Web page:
Don’t forget that arrays start counting at 0. If you want to see a range of lines, simply specify the range:

(get-content c:\boot.ini)[0..5]

This will display the first 6 lines of c:\boot.ini. Want to look at the last X number of lines? Well you first need to get the number of lines.

(get-content c:\boot.ini).Length

Once you know the length, specify whatever range you want. My boot.ini is 7 lines long so if I wanted to see the last 3 lines I would simply run

(get-content c:\boot.ini)[5..7]

Of course, this little tidbit wouldn’t be complete without a one-liner to get the last 5 lines without knowing in advance how long the file is:

$c=get-content c:\boot.ini;$l=$c.length;$c[($l-5)..$l]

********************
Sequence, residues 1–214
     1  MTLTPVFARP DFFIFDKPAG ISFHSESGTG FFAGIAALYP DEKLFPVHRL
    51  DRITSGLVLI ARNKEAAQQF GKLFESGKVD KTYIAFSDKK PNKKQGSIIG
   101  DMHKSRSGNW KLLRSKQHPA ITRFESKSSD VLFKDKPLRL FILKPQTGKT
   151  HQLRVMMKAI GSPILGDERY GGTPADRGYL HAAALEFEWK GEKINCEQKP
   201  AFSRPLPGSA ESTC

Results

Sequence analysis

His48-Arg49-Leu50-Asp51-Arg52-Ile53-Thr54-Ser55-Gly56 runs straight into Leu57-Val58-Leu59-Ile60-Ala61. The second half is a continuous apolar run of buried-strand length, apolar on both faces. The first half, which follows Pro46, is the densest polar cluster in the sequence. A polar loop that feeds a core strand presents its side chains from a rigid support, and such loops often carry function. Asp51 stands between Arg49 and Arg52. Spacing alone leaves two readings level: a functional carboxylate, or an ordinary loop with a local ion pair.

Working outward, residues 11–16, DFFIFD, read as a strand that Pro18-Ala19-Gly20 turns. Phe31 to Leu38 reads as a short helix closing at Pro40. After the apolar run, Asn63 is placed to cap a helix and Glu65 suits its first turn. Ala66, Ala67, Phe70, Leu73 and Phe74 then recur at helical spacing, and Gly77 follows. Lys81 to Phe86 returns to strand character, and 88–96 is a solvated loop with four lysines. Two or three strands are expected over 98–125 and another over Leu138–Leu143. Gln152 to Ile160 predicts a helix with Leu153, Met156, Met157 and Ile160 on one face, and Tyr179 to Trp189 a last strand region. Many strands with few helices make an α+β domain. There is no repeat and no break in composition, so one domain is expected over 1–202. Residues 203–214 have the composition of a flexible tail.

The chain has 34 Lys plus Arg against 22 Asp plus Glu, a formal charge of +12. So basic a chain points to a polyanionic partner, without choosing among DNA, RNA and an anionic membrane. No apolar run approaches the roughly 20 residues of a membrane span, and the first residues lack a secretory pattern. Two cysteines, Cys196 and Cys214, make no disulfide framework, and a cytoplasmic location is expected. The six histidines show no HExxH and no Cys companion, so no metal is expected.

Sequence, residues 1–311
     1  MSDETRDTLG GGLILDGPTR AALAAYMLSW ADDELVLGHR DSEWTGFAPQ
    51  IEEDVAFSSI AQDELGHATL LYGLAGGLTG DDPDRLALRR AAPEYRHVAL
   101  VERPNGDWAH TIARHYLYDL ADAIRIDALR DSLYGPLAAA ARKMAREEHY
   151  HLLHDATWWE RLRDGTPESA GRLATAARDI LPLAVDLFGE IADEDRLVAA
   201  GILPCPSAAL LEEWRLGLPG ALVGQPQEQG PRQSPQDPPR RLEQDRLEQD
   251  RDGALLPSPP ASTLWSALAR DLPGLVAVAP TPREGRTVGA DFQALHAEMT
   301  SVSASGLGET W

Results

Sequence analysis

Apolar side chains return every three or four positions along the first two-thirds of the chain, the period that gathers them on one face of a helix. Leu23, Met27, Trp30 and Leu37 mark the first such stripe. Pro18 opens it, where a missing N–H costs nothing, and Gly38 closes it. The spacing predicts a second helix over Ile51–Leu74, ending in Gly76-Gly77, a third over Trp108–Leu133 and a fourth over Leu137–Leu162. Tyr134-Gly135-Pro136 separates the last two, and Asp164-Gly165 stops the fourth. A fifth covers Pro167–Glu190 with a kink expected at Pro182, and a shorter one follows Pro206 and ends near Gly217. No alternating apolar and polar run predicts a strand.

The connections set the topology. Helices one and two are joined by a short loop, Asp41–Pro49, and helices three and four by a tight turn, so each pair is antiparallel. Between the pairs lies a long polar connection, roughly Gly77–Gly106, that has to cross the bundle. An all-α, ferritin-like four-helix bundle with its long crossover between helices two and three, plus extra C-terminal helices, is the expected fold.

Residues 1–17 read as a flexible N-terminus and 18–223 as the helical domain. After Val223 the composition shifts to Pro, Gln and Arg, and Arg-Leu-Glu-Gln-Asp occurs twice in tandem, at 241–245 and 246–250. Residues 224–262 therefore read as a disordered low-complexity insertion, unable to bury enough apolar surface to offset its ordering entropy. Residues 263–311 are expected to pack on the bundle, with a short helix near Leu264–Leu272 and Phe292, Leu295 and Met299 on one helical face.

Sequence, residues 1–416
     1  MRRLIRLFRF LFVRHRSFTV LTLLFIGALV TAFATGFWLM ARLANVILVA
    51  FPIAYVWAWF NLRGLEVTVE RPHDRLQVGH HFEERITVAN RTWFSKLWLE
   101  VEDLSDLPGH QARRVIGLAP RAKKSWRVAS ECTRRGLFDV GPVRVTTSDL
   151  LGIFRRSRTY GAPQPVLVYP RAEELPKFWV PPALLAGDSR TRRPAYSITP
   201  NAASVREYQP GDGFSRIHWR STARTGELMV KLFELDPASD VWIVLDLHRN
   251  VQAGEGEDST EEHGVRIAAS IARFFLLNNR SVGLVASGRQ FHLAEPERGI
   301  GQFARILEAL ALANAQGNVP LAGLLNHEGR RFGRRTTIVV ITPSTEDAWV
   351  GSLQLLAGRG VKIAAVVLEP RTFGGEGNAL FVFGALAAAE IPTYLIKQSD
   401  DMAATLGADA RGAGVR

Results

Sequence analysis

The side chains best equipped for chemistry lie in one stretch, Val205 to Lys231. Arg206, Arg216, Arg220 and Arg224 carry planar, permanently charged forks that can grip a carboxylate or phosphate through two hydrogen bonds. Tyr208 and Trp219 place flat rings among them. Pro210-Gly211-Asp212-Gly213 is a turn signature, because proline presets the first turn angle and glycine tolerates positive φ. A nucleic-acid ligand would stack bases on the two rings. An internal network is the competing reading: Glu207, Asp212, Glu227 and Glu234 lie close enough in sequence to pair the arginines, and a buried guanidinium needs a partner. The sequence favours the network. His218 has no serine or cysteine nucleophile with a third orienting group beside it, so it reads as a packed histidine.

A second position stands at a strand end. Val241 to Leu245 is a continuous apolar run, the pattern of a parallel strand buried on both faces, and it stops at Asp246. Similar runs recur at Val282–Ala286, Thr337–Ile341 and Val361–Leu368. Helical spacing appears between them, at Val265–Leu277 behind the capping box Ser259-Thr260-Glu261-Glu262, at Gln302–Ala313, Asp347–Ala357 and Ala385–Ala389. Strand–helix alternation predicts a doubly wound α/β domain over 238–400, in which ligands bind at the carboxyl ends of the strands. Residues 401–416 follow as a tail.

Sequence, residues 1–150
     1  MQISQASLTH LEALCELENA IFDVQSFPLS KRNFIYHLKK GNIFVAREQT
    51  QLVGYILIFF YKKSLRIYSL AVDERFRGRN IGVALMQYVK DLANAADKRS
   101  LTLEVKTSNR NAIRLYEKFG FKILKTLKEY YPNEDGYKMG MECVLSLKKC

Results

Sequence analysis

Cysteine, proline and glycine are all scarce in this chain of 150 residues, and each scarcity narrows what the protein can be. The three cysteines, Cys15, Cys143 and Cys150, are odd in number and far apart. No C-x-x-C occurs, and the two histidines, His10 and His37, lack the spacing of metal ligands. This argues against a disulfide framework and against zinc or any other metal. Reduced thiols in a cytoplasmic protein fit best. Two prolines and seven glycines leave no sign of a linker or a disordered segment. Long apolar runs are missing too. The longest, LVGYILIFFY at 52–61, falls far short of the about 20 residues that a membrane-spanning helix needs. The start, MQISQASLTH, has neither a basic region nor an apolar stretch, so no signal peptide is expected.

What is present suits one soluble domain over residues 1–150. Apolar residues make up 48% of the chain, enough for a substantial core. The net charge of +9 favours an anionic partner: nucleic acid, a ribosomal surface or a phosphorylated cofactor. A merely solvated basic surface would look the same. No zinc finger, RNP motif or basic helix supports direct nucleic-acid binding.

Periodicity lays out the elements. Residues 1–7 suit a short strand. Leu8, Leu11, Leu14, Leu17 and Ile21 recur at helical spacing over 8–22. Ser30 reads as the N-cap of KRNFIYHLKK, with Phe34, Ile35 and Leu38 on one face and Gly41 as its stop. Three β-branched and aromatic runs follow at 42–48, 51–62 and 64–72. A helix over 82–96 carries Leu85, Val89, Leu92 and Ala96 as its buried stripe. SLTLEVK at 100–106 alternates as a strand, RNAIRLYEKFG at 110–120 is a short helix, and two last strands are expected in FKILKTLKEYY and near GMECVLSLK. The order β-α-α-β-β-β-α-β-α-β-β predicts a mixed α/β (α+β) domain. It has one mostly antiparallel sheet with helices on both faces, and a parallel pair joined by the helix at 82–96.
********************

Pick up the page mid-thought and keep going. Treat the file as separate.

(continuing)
If you specify a number greater than the value of $l then the entire file will be returned.

Obviously the boot.ini file is hardly an exciting thing to test so try this out on log files on your systems.

These commands are very similar to the Head and Tail utilities and in fact you could easily turn these into your own Head and Tail functions.

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Powershell Help Examples

It may seem like a little thing, but the Get-Help cmdlet in PowerShell has some features you may not be aware of. I’m always using the -full parameter to see all the help information, primarily so I can see the examples. Well Get-Help has a -examples switch which won’t display syntax help, but it will show you all the examples from the help file. Try these commands to see for yourself

help get-wmiobject -examples
help get-process -examples